September 2017

Kirunda v NSW Police Service (No 3) [2017] NSWWCCPD 1

The issue of whether a Deputy President of the WCC has the power to reconsider an arbitral decision and/or exercise its discretionary power under section 350(3) of the 1998 Act continues in the series of appeals in Kirunda v NSW Police Service.

An appeal to a Presidential member from a decision of an Arbitrator is brought pursuant to s 352 of the 1998 Act in respect of any error of fact, law or discretion, and to the correction of any such error. The appeal is not a review or new hearing. A request for reconsideration is an application that seeks to rescind, alter or amend any decision previously given by the Commission, rather than appealing the decision.

The latest appeal decision is found in Kirunda v NSW Police Service (No 3) [2017] NSWWCCPD 1 presided by Deputy President Michael Snell.

Kirunda (the injured worker) alleged he sustained a psychological injury in the course of his employment with NSW Police Force. Liability was disputed based on sections 4, 9A and 11A (1) of the 1987 Act. The matter proceeded to a contested hearing before Arbitrator Wynyard who found in favour of the insurer.

First appeal

On 10 January 2016 Kirunda appealed the decision of Arbitrator Wynyard. On 11 August 2016 DP Snell allowed Kirunda’s appeal and set aside Arbitrator Wynyard’s findings. DP Snell remitted the matter to a new Arbitrator for re-determination

Second appeal

Kirunda filed an Application for Reconsideration of DP Snell’s decision in Kirunda 1 (to remit the matter for re-determination) under section 350(3) of the 1998 Act. On 11 October 2016 DP Snell refused Kirunda’s reconsideration application and said there was no appropriate basis for the exercise of the discretionary reconsideration power pursuant to section 350(3).

Third appeal

Kirunda filed a second Application for Reconsideration against DP Snell’s decisions in Kirunda 1 and 2 (remitting the matter to another arbitrator to re-determine his matter). Kirunda also sought reconsiderations of two arbitral decisions. On 10 November 2016 Kirunda then filed a Notice of Appeal to the Court of Appeal in relation to Kirunda 1 and 2. On 2 February 2017 DP Snell again refused Kirunda’s request for reconsideration for the same reasons outlined in Kirunda 2. DP Snell found he did not have jurisdiction to reconsider an arbitrator’s decision.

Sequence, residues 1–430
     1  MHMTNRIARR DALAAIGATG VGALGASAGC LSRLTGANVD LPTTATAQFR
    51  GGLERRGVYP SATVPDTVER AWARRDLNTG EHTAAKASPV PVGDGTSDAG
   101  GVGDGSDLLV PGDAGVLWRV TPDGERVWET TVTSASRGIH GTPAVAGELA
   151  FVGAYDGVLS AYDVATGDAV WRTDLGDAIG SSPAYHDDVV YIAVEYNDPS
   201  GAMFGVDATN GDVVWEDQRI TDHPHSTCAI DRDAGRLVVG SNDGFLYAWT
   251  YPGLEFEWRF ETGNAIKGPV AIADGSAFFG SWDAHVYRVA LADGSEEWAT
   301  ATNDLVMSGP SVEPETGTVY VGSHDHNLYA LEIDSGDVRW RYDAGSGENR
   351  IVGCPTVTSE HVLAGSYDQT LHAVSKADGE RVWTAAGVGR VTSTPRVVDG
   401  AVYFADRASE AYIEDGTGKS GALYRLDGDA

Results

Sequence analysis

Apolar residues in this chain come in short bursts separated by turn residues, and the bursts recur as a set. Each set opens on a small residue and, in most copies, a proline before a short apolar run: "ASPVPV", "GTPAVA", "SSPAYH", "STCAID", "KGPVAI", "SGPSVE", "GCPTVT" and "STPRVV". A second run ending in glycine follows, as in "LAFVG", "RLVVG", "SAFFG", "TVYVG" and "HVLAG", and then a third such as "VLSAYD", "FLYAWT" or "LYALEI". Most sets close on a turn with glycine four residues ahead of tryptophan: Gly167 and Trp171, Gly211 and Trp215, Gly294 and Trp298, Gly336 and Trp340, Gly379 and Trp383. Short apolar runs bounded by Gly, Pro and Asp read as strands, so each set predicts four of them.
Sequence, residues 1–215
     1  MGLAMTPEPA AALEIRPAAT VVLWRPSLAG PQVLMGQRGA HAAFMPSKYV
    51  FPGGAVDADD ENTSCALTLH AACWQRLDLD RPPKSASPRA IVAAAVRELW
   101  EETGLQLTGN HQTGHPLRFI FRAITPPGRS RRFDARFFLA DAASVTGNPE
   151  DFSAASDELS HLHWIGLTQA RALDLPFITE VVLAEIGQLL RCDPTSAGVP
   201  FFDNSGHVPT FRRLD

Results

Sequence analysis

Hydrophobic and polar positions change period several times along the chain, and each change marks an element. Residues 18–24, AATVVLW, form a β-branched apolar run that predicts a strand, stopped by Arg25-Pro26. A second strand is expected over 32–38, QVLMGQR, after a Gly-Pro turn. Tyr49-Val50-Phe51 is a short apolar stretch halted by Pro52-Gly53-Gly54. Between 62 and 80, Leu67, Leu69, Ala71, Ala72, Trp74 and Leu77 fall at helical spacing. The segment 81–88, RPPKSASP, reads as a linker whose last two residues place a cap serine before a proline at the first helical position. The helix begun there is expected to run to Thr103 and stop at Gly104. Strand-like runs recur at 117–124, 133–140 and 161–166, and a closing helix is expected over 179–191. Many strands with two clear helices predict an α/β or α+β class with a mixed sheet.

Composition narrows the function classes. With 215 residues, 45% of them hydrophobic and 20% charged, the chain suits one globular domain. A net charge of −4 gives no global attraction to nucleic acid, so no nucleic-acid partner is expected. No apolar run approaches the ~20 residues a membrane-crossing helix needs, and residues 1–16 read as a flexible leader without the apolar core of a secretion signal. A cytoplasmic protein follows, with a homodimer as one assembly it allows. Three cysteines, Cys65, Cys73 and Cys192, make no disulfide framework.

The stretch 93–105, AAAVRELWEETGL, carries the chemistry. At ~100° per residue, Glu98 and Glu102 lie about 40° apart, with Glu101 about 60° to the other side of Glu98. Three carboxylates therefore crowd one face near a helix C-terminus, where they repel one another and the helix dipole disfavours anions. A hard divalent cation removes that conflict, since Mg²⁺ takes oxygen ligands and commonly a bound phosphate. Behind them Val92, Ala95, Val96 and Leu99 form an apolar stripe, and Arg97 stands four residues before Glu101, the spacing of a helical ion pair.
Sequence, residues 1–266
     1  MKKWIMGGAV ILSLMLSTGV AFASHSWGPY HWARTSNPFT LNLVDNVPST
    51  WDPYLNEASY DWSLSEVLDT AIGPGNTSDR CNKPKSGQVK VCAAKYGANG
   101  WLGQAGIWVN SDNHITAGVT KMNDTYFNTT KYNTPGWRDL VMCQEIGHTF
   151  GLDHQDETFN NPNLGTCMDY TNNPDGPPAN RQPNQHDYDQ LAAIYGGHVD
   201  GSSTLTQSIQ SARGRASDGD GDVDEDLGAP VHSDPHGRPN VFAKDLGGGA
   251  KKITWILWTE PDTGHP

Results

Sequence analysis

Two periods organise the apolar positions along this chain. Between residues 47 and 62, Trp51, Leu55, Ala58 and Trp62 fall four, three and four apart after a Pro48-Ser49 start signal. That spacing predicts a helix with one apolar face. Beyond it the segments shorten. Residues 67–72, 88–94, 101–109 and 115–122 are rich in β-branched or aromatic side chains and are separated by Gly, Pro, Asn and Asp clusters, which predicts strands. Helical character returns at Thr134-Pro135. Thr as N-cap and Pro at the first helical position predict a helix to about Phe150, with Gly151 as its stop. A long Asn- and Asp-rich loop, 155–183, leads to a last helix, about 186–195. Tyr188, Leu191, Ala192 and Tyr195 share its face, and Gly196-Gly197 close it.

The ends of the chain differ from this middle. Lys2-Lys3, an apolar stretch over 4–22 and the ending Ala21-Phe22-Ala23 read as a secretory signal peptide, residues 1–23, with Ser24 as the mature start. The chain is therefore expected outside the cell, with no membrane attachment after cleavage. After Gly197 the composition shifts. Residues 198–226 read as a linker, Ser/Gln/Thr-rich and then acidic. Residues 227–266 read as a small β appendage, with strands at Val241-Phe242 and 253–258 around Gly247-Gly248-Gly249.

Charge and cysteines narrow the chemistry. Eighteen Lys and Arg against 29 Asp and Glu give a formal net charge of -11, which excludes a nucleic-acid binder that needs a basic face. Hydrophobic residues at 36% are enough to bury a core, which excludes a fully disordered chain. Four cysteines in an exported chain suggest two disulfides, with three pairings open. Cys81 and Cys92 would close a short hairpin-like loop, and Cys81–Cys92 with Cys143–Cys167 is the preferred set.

Lessons learned

While the reconsideration power under section 350(3) gives the Commission a wide discretion to reconsider its previous decisions, what has clearly emerged from Kirunda are the following lessons:

  • Reconsiderations are generally restricted to circumstances where fresh evidence has become available and would likely lead to a different result (Maksoudian v J Robins & Sons Pty Ltd [1993] NSWCC36);
  • Reconsideration needs to be exercised by the arbitrator who made the original decision (Cameron v The Registrar of the Workers Compensation Commission of New South Wales [2008] NSWSC 704);
  • Reconsideration becomes inappropriate if you have exercised your right of appeal in the Court of Appeal (Inghams Enterprises Pty Ltd v Rachmaninoff (No 2) [2011] NSWWCCPD 61); and
  • An appeal to Presidential member pursuant to s 352 of the 1998 Act is in respect of any error of fact, law or discretion, and to the correction of any such error. The appeal is not a review.
  • If the decision of an Arbitrator is subject to an application to reconsider, that application is made to the Arbitrator, a Presidential member lacks jurisdiction to deal with it. A Presidential member has jurisdiction to reconsider a Presidential decision. This is because the reconsideration is to be done by the same level of member which constituted the Commission when the original decision was made.

 

Authors: Stephen Marsh and Aprille Lim